2022 flew by quickly, and it's that time again to forecast what the new year holds for my focus areas as an ARInsights ARchitect Analyst Power 100-ranked global industry analyst. Networking and security are hotter than ever, especially in 5G and zero trust, so let’s dive into my predictions.
#1: Fixed wireless access achieves terminal velocity; IoT security goes vertical
Fixed Wireless Access (FWA) services bring LTE and 5G connectivity from a traditional cellular radio tower to a home or business rather than a smartphone or other mobile device. The point-to-point technology that underpins this form of broadband connectivity has existed for quite some time. Many may recall a service from Clearwire nearly 15 years ago based on an IEEE 802.16m standard dubbed WiMAX. WiMAX was promising, but it never delivered on its promise of being less expensive than cellular or providing the performance needed to make it viable relative to cable.
Today, I consider FWA to be the emerging killer use case for 5G. T-Mobile is leaning into its broad-spectrum footprint to offer FWA to consumers and businesses, and I expect its subscriber growth to continue at an accelerated pace this year. AT&T has provided an enterprise FWA service for some time, and I expect it will aggressively market FWA to the consumer market in 2023 as a complement to its fiber offering. As Verizon builds out its mid-spectrum band assets acquired from the C-band auction, its subscriber base should take off this year as well, given the dramatic improvement that spectrum profile provides from a performance and coverage standpoint.
My first security prediction centers on IoT security in operational technology (OT) environments. Think of OT as the non-carpeted areas of an enterprise—manufacturing shop floors and logistical and distribution centers operated by the likes of Walmart and Amazon. The OT challenge lies in the connectivity of scores of sensors and machines that, in aggregate, create a massive threat surface. As OT environments undergo digital transformation in the form of cellular connectivity, a new approach to security is required. In my opinion, Palo Alto Networks is leading in this regard with its recent announcements tied to prescriptive security solutions for the manufacturing and healthcare verticals. It's a smart and differentiated move, and I believe others will follow the company’s lead this year.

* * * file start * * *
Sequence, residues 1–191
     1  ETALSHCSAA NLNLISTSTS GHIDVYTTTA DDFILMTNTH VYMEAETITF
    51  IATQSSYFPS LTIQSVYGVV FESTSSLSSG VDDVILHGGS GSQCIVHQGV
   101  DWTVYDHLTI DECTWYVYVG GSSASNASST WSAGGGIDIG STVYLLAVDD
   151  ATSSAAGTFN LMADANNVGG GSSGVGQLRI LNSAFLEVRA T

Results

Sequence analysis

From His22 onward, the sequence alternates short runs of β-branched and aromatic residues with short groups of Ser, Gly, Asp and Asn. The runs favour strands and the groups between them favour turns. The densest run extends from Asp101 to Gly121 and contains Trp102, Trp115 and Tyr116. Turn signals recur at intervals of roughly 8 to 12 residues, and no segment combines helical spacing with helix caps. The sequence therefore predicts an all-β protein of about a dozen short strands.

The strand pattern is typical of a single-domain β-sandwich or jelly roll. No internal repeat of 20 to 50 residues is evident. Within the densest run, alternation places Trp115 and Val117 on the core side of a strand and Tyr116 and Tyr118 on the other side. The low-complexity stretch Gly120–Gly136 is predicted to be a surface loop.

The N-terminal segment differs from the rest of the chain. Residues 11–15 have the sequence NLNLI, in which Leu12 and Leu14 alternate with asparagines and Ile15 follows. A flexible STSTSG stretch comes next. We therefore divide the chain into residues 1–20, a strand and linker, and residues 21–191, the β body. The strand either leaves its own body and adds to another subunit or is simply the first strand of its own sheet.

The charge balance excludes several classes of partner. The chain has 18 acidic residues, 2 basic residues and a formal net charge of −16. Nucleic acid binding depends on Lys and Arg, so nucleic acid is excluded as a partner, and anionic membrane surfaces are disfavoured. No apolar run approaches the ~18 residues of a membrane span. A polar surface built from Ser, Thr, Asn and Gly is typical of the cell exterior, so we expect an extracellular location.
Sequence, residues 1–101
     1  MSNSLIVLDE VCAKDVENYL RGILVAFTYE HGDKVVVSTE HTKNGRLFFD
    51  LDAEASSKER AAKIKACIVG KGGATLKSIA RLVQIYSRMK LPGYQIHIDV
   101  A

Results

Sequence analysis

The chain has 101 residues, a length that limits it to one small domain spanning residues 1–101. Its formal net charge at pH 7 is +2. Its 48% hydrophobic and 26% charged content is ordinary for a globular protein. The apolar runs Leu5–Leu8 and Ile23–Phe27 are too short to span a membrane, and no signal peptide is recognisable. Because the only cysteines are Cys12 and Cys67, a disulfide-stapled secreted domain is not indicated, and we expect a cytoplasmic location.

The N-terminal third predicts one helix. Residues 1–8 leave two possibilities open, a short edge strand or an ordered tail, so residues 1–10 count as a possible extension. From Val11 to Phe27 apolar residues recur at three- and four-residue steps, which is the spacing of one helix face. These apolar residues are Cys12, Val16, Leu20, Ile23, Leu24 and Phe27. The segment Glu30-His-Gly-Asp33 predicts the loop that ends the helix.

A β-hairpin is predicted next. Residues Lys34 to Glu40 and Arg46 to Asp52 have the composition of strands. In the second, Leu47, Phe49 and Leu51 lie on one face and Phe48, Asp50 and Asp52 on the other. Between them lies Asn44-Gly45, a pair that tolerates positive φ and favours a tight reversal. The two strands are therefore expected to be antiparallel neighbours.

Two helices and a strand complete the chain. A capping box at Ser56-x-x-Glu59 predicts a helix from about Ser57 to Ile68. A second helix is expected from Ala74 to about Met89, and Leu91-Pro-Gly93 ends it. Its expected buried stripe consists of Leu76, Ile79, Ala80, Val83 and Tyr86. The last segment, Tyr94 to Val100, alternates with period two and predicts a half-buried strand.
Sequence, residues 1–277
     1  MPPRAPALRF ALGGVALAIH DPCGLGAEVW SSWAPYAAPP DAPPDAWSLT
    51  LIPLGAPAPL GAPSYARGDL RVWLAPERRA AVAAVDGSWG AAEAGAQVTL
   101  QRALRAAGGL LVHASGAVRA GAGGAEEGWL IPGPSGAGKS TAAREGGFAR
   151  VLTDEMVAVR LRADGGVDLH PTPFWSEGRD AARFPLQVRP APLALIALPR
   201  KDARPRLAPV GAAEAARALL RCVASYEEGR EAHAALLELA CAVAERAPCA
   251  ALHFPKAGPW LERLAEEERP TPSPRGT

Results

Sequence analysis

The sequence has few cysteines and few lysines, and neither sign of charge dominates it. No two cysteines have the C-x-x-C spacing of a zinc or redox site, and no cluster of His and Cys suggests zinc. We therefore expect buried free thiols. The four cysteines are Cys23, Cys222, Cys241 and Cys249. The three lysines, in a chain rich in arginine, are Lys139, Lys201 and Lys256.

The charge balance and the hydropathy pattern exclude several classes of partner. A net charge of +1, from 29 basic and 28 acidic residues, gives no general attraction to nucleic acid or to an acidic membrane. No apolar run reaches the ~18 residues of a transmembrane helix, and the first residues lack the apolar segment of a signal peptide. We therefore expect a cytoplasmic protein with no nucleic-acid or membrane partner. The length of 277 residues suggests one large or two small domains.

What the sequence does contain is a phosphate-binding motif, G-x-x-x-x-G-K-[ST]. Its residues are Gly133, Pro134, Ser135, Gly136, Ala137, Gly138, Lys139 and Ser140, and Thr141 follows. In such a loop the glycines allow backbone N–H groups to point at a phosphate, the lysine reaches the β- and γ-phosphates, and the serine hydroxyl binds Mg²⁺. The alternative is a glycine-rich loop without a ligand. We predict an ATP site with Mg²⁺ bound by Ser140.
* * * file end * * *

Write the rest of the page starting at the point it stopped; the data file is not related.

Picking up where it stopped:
#2: Mobile network slicing becomes a reality; Bad actors target the hybrid workforce
Mobile network slicing is an architecture that allows telecom carriers such as AT&T, T-Mobile, Vodafone and others to use virtualization to create independent networks upon the same physical network infrastructure. One of 5G's many superpowers is that the underlying New Radio standard is inherently more virtualized than any of the generations that came before it. As many 5G networks transition to standalone operation in 2023, marrying 5G core and radio access network (RAN) infrastructure will make slicing a reality. Another driver for slicing's momentum this year is the monetization opportunity. Enterprises will pay for guaranteed levels of latency and bandwidth as part of any digital transformation plans for OT environments, and many consumers will do the same for mobile and cloud gaming.
My second security prediction centers on the work-from-anywhere phenomenon birthed by the Covid pandemic, because the new hybrid workforce presents too ripe a target for bad actors to ignore. I am likely not alone in this assumption. Bad actors will target companies with large populations of remote employees with distributed denial of service (DDoS) attacks and ransomware to extort them. Consequently, enterprises must rethink their approach to security beyond traditional VPN solutions. Zscaler should see a significant upside given its highly scalable and distributed proxy architecture. I have previously written about the company, and this research brief captures my insights.
#3: The Open RAN market consolidates; The zero trust whitewash rolls on
Open RAN touts itself as a panacea for operator capital expenditure given its use of disaggregated, industry standard server platforms and software-defined functionality. Many also believe it can finally domesticate the cellular infrastructure supply chain by introducing a host of new U.S.-based entrants. However, adoption has its challenges. As the RAN is disaggregated, the challenge of integration arises. Furthermore, the gold rush to Open RAN has created a very crowded market. Mavenir seems to have fallen victim, as evidenced by its continued workforce reductions. A consolidation will likely occur in 2023, and a handful of Open RAN players will emerge as winners. I'm placing my bets on Airspan Networks and JMA Wireless.
My third security prediction is that the zero trust industry whitewash will reach its apex this year. This week, a public relations firm pitched me a meeting with a startup launching a zero-trust browser! The definition of zero trust must always embody the core principle that users authenticate to applications versus a flat network. Only a handful of companies deliver on the true promise of zero trust, including Zscaler, Fortinet and Palo Alto Networks. Enterprise CISOs and security operations teams should keep this in mind while evaluating any cybersecurity offering.
I don’t profess to have a crystal ball, but many years in corporate America in various sales, channel and product marketing roles and the last several as an industry analyst afford me a unique perspective. 2023 will culminate in significant advances in networking and security. It should be interesting to see it all unfold.